Predicting water levels through data analysis
It has only been possible thus far to reliably predict the water level of rivers a few days in advance. Scientists are now developing, with the aid of ocean and climate data from the last six decades, a calculation model that enables longer term predictions.
"Fisherman, fisherman how deep is the water?" - "Five metres!" - "And how can we cross the river?" Not only school children, but inland waterway transport requires dependable information regarding current water levels. This is important for finding out whether a river is navigable for large, perhaps only smaller or even minimally-loaded ships with a shallow draught. And predicting the water level is similar to forecasting the weather: The earlier the information is available, the better. However, dependable water level predictions are currently made only two to eight days in advance. A new procedure is supposed to make long-term predictions possible in the future. Monica Ionita-Scholz, research scientist in the "paläoklimadynamik group" at the Alfred Wegener Institute, Helmholtz Centre for Polar and Marine Research (AWI), is developing, in cooperation with the Bundesanstalt für Gewässerkunde (BfG) statistic models for assessment of future water runoff expected over a longer time frame at various locations on the Elbe, Weser, Rhine and Danube rivers.
For this purpose, she is investigating global oceanic and climatic data from more than six decades, and searching for correlations between water runoff and various factors such as the temperature of the ocean's surface in certain geographic regions, the extent of Arctic sea ice, precipitation, air temperature or soil moisture. Reliable correlations are then fed into the model as a basis for statistical calculation - and this is processed for each river individually. "Since each river has its own idiosyncrasies, different, or differently weighted, influential factors go into the statistical prediction model for the Rhine river when compared to, for example, the model for the Elbe", explains Ionita-Scholz. The seasons of the year also play an important role: in the same river in spring, for example, different influential factors can be decisive for the prediction when compared to autumn. "This is why we adjust the model for each season respectively", says Ionita-Scholz. "This of course does not make generation of the model any easier, but the predictions are better because of it." Application into practice is however comparatively uncomplicated; in order to be able to predict the development of a river's water level one month in advance, the Elbe for instance, the key data of the respectively required influential factors from recent months - temperature of the ocean's surface, precipitation or soil moisture - are entered into the statistic model. The model then calculates the probable water runoff for months in the near future, with which an assessment can then be made as to whether the water levels across this time frame in comparison to previous years would more likely develop to lower, similar or higher levels.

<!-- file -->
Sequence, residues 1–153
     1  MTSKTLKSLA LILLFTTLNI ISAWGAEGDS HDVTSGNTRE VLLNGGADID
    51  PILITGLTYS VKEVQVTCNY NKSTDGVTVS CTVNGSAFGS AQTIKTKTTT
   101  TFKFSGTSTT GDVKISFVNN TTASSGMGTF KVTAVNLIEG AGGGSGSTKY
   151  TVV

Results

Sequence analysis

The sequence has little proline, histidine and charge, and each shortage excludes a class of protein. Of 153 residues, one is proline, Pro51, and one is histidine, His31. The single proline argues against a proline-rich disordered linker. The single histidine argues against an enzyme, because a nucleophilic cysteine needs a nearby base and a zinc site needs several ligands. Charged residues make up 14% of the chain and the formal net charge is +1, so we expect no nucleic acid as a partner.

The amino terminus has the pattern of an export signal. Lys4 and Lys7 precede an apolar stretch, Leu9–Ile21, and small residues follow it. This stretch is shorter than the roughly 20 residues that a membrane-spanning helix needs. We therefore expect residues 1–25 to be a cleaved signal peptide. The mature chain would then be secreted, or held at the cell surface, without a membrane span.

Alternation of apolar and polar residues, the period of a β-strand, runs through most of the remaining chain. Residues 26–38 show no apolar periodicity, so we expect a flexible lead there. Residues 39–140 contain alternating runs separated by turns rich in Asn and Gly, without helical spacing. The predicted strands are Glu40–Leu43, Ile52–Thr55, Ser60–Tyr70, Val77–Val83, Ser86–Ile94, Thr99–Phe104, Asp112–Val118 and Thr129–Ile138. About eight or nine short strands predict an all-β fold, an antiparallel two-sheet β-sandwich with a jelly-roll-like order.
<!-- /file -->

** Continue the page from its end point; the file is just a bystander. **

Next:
"The model could also be interesting for an early-warning system for flood events", says Ionita-Scholz. "This is because the model calculations from the year 2013 ended up quite close to the actual maximum Elbe runoff that occurred at the Neu-Dachau level during the extreme flooding." In the context of the collaboration with the BfG, the model is however optimised for prediction of low to medium water levels, which are quite significant for inland waterway transport. "The results thus far from the Alfred Wegener Institute have already proven to be quite promising", opines Bastian Klein from the BfG. "Perhaps we will be able to make long-term predictions as early as the end of next year." The mariners would then be able to make plans over a longer timeline. However, when the fisherman responds to the question "How can we cross the river?" with the answer: "Just hop on one leg!" this must of course happen immediately.